• writers develop feelings about ways to revise work while writing that they cannot express in words
  • writers re-read their work while composing to question whether what they’ve written captured that feeling.

Research on The Writing Process

How Do Investigators Study the Writing Process?

The Writing Process is something of a black box: investigators can see inputs (e.g., time on task) or outputs (e.g., written discourse), yet they cannot empirically observe the internal workings of the writer’s mind.

Investigators can use research methods to record a writer’s eye tracking or other writing behaviors, yet at the end of the day they have to jump from what they observe to what is really going on in the writer. And even if investigators ask a writer to talk out loud about what they are thinking as they compose, they can only hear what the writer is saying: they cannot see the internal machinations associated with the writer’s thoughts.

To be more concrete: if a writer goes mute, freezes, and just stares blankly at the computer screen, what does that really mean?

The bottom line is that investigators can only speculate about how the brain functions. They can only speculate about how psychocultural experiences and cognitive, intrapersonal, and interpersonal competencies impinge on composing and writing development. 

    This artists' rendering of morning stars evokes multiple processes embedded in a context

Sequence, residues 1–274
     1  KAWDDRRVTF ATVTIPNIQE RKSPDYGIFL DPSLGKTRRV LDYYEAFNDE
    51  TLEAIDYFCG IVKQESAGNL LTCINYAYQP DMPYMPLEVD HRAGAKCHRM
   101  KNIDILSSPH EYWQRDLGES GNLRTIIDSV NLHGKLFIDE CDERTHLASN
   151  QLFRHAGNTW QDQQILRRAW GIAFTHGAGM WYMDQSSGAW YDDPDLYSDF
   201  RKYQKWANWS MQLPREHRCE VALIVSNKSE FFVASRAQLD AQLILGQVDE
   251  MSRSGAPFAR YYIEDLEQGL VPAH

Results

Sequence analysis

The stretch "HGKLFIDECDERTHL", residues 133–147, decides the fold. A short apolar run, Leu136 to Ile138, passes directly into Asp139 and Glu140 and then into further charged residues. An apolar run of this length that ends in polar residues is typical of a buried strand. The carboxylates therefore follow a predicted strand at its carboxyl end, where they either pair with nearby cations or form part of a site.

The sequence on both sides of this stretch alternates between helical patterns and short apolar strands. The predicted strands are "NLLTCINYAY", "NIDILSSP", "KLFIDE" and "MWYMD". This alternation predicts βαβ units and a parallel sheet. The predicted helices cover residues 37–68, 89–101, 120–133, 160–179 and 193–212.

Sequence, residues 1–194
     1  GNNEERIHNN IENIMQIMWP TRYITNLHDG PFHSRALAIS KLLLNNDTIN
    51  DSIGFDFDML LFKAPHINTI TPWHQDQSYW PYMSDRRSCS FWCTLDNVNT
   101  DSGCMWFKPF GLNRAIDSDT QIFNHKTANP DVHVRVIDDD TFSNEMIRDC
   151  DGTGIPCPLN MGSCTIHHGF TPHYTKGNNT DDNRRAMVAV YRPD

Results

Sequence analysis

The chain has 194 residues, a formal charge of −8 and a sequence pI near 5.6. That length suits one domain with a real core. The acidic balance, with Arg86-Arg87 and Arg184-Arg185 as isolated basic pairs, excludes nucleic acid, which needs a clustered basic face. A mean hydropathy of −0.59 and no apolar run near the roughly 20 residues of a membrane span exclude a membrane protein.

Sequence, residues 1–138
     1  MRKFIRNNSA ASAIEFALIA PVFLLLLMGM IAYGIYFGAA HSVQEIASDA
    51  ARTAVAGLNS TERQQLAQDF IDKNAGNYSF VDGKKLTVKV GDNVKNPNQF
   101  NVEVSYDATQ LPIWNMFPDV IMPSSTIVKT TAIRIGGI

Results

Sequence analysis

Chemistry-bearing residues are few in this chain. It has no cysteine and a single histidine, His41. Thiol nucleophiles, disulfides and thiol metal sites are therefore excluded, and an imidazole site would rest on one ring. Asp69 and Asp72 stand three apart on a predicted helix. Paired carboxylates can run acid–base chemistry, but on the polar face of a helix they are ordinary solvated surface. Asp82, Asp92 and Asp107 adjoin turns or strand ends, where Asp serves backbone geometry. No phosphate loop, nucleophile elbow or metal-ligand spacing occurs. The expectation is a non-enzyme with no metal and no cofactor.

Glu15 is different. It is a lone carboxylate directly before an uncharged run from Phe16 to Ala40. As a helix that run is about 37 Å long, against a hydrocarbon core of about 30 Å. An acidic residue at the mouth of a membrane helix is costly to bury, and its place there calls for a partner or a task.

This artists’ rendering of morning stars evokes multiple processes embedded in a context

    The Writing Process & Process Pedagogy

    Donald Murray’s call to Teach the Process not the Product represented a sea change on the part of middle schools, high schools, and universities in the U.S. In addition to teaching great works of literature, the process movement catechism exhorted teachers to give some class time to coaching students through the writing process. Rather than putting the focus on a literary work, the canon, teachers were encouraged to put the emphasis on the student text. Teachers broke larger assignments down to parts instead of assigning one long project and wishing the students luck. Rather than grading a student one time from a summative perspective, teachers embraced the role of coach and provided formative feedback. (For an example of process pedagogy, see one of my undergraduate courses, such as professional writing, which breaks the processes involved in writing a recommendation report down into a 15-week schedule.)

    Since the 1980s, the Process Pedagogy movement has transformed writing instruction throughout the U.S., from K-12. Now it is commonplace for writing instructors to coach students from prewriting and invention through multiple revisions and edits.